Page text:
Over the past 10 years, one of the Arctic Council Working Groups, the Arctic Monitoring and Assessment Programme, has conducted two major assessments of the pollution status of the Arctic, documenting the sources, levels and trends as well the effects of a wide range of contaminants. On this basis, greater efforts have been made to address pollution sources with the aim of limiting and reducing emissions of pollutants into the environment. To this end the Arctic Council established the Action Plan to eliminate pollution in the Arctic, or ACAP.
Several priority projects have been initiated with the aim of reducing pollution in the Arctic, many of which are good examples of action in implementing international pollution control agreements, including the Stockholm Convention and the Convention on Long Range Transboundary Air Pollution (LRTAP). With your permission, I would like to mention some of these activities, which also have particular relevance to the adjacent areas, not least the Russian Federation.
- A multilateral co-operative project is in progress for phase-out of PCB use, and management of PCB contaminated wastes in the Russian Federation:
- A project is ongoing on the elimination of emissions of dioxins and furans in the Russian Federation, with focus on the Arctic and northern regions impacting the Arctic.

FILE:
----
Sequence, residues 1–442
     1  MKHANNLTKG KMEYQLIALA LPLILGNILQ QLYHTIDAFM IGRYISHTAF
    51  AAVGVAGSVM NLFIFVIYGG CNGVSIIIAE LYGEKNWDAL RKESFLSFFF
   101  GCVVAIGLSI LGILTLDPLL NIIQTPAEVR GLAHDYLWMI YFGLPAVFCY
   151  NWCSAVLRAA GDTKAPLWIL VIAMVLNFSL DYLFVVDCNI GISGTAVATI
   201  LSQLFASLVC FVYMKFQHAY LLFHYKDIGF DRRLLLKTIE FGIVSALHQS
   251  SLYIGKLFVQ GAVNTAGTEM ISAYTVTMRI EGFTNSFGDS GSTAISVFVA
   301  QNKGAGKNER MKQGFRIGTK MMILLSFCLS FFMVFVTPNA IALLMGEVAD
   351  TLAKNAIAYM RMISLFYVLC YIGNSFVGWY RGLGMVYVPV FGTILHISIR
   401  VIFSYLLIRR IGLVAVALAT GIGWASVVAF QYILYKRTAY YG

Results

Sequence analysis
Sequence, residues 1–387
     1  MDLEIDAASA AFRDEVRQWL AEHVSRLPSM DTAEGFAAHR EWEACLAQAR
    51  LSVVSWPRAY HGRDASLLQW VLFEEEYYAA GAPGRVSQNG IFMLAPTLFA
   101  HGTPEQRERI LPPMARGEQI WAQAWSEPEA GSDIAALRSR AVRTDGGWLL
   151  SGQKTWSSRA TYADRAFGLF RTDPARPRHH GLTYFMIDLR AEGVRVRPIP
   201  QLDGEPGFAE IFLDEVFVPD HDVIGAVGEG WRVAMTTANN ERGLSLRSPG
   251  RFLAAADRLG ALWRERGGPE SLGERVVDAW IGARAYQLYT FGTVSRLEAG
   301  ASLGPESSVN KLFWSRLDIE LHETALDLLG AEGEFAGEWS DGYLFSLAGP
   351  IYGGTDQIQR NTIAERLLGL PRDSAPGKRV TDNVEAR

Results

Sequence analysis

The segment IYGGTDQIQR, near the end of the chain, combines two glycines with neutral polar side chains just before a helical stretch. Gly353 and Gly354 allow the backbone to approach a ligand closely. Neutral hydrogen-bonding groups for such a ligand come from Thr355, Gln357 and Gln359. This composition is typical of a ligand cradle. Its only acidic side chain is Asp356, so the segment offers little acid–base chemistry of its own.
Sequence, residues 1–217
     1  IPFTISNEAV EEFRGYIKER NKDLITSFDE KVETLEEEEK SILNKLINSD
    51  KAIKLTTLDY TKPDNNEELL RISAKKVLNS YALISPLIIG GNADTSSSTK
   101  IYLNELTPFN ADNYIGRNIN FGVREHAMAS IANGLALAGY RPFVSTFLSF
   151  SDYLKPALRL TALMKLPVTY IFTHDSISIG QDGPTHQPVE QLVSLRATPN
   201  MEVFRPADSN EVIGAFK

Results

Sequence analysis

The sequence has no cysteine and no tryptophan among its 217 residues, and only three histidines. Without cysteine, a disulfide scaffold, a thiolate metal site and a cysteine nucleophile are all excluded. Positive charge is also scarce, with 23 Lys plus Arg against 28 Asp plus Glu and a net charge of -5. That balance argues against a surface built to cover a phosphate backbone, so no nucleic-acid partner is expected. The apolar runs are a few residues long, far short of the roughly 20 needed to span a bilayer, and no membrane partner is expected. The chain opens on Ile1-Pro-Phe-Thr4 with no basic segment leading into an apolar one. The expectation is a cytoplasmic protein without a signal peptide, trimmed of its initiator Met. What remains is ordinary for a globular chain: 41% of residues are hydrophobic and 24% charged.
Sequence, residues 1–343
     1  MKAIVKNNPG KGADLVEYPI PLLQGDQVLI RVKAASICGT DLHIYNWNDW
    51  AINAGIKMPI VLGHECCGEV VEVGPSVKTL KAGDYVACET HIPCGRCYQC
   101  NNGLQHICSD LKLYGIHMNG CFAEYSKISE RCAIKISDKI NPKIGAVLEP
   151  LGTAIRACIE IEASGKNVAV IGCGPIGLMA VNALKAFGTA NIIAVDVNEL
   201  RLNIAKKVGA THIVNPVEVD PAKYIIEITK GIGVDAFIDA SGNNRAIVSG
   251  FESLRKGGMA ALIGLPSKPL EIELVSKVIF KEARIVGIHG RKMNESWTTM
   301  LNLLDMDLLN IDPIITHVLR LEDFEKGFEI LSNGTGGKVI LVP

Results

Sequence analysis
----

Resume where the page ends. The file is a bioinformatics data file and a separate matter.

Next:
- The United States leads a project aimed at the safe disposal of the stockpiles of obsolete pesticides in prioritised Arctic regions in Russia.
- A project has been launched to reduce atmospheric mercury releases from Arctic states.
- The Russian Federation co-ordinates a project concerning the implementation of the cleaner production, eco-efficiency and environmental management systems in the Norilsk Mining and metallurgical company in the city of Norilsk in Russia.
The Arctic Council and its relevant working groups also have an active communication policy regarding contaminants in the region. Fact sheets have been prepared on POPs, heavy metals and radioactivity and are available in English, Russian and Saami language.
Apart from specific projects, the Arctic Council Ministerial declaration from Inari avows to continue civilian co-operation with Russia to enhance the safety of nuclear power installations and nuclear waste.
Concrete actions taken by the Arctic Council to eliminate pollution include a supporting role of the Arctic Council's Working Group on the Protection of the Arctic Marine Environment (PAME) to the Russian National Programme of Action to protect the Arctic marine environment from land-based activities.